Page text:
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Before becoming frozen wasteland, Antarctica was home to frogs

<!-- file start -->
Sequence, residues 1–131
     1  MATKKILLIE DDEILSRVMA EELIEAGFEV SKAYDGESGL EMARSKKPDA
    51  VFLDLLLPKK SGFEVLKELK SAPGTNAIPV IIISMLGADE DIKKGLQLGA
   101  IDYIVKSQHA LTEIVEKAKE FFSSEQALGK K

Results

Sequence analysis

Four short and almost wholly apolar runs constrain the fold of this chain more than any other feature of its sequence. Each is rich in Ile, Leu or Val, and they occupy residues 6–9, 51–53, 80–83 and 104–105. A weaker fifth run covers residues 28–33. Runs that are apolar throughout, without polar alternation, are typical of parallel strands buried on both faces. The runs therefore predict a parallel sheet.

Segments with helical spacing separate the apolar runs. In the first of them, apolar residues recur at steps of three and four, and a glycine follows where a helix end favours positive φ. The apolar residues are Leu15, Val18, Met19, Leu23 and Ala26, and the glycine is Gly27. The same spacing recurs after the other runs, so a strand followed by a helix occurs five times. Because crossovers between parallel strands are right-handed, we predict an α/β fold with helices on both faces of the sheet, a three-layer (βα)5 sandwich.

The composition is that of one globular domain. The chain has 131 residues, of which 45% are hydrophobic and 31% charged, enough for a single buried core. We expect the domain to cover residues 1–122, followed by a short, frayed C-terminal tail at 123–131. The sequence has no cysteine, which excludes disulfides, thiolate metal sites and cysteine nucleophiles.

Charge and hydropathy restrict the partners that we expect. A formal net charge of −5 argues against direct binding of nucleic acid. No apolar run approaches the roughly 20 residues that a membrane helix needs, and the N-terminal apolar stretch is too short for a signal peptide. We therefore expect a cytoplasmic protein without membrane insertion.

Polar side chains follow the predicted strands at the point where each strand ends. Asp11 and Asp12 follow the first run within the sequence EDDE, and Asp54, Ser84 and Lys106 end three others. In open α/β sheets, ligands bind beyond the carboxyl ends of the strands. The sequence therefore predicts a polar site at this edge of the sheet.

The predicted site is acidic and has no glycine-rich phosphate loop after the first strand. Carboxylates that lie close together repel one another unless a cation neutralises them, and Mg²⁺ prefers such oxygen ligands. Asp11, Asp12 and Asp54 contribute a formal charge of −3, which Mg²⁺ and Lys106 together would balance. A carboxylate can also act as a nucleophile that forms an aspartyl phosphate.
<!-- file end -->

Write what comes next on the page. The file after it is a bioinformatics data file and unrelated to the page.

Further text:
When paleontologist Thomas Mörs was peering into a microscope while sorting through tiny 40 million-year-old fossils unearthed on Seymour Island near the tip of the Antarctic Peninsula, he came across quite a surprise - hip and skull bones of a frog. The little amphibian from the Eocene Epoch was a helmeted frog - about 1-1/2 inches (4 cm) long - closely related to five species of helmeted frogs still native to Chile. These frogs get their name from the shape of their heads.